BINJ identifies gaps and builds bridges for communication—between various publications, people and their representatives, and communities and journalists.

For the journalists who contract with us, we provide editorial direction, as well as access to the sort of critical institutional memory that isn’t available in many small newsrooms, especially for freelancers. There isn’t nearly enough support for freelancers and independent journalists to do the work that desperately needs to be done, from basic coverage of things like city halls and school committees to deeper investigative dives. BINJ is able to not only provide paid work and bylines, but also offers everything from workshops on things like filing FOIA requests and tax returns as a freelancer, to more general services like perpetually boosting our local media ecosystem.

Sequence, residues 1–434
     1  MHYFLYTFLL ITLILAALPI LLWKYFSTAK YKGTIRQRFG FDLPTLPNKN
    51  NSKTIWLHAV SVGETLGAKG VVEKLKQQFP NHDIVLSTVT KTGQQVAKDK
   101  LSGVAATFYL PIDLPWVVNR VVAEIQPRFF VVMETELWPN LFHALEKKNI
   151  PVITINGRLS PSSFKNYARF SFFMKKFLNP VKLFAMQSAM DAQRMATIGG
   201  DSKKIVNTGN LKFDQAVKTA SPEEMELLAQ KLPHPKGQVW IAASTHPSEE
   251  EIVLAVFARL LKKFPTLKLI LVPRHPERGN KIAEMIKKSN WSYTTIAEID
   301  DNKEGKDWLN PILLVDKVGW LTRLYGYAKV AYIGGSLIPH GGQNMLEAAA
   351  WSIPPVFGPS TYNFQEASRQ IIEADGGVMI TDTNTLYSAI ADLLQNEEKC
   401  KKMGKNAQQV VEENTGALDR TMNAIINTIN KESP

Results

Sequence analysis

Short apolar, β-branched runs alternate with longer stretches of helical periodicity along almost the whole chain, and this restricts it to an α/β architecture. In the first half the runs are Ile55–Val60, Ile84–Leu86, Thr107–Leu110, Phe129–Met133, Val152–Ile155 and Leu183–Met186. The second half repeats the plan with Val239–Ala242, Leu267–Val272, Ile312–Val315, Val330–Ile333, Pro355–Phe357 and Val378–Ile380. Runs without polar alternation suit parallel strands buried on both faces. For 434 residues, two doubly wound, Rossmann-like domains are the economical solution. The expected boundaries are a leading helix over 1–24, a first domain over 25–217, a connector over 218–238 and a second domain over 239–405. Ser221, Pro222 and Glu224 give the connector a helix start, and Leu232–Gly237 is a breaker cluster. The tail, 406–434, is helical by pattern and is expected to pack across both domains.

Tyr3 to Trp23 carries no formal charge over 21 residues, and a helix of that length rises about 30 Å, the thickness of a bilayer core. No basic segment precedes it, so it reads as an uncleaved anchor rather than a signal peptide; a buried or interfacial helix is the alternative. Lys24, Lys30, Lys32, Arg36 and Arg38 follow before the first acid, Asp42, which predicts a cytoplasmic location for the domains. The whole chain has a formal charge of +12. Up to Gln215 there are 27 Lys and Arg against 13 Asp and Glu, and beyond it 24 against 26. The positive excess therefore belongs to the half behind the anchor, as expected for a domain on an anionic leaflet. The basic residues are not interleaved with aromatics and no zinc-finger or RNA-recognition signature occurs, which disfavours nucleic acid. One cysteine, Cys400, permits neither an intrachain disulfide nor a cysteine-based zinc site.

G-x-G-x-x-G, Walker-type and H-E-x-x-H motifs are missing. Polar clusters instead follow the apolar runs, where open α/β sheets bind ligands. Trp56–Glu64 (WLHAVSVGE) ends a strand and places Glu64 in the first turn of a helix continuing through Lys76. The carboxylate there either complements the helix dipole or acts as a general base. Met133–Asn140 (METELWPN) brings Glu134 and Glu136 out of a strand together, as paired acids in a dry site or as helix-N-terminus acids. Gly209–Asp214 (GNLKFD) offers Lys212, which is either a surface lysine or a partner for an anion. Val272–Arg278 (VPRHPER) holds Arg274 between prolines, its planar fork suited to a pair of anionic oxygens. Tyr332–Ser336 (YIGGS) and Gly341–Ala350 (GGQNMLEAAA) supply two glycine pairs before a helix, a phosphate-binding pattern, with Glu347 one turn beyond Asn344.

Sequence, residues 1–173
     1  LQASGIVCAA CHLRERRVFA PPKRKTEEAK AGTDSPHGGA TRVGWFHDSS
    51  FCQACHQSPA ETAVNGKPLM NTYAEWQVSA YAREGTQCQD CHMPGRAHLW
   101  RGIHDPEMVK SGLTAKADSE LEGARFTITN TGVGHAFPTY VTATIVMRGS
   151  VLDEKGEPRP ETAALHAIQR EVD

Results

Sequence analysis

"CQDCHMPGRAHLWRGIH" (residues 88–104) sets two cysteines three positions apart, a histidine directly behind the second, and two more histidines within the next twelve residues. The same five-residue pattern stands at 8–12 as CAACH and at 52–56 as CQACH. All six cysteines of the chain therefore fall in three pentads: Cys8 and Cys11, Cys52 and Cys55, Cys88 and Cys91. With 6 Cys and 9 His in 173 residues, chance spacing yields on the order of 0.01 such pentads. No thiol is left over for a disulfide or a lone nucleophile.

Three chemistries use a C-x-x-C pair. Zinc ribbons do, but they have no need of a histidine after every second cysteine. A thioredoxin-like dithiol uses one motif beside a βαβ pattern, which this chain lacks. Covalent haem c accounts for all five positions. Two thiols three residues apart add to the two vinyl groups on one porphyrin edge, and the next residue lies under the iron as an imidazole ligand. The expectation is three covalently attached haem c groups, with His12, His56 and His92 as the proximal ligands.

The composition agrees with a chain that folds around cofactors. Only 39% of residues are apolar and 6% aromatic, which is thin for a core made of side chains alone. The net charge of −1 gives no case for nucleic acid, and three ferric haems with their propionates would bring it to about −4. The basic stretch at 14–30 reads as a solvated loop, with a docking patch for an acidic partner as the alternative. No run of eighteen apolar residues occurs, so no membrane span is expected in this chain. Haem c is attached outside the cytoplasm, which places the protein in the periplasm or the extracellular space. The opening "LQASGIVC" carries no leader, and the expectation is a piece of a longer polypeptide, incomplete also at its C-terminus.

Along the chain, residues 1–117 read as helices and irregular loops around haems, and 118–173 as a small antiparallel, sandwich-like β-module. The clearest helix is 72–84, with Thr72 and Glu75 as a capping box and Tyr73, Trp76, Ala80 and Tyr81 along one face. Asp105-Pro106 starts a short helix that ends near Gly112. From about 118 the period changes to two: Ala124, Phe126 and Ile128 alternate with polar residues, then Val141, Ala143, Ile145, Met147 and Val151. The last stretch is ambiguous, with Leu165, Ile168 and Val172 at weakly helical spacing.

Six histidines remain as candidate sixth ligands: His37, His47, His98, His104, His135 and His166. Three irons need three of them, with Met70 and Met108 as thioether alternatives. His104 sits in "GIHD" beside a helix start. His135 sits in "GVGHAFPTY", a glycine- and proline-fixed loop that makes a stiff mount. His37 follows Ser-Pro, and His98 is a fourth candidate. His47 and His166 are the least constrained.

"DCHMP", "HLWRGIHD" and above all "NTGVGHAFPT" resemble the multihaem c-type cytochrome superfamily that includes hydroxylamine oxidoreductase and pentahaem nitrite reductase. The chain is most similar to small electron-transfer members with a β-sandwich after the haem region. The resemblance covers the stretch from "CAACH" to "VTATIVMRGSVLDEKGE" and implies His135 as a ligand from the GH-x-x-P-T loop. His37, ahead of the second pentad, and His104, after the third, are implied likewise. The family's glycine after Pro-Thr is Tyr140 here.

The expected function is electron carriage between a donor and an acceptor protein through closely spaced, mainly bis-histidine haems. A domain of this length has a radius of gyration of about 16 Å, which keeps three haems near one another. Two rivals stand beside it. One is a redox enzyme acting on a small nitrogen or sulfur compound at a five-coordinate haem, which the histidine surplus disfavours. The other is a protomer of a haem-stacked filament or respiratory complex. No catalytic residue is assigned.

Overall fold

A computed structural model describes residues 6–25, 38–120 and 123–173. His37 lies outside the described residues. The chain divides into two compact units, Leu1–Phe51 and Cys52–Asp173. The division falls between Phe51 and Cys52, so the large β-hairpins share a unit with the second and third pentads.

Though we are demanding of our contributors in terms of the integrity and quality of their work, we are different from most other outlets and reporting incubators in how we pace our reporters. We understand that many of them have full-time jobs and/or class schedules and/or in some cases personal hardships including housing instability. Out of respect for those priorities, we move at whatever speed is appropriate. The individual cases and ability levels of freelancers vary, but we believe that our approach has helped us reach milestones we hadn’t foreseen, like having about half of our features produced by reporters who published their first-ever long-form piece through BINJ.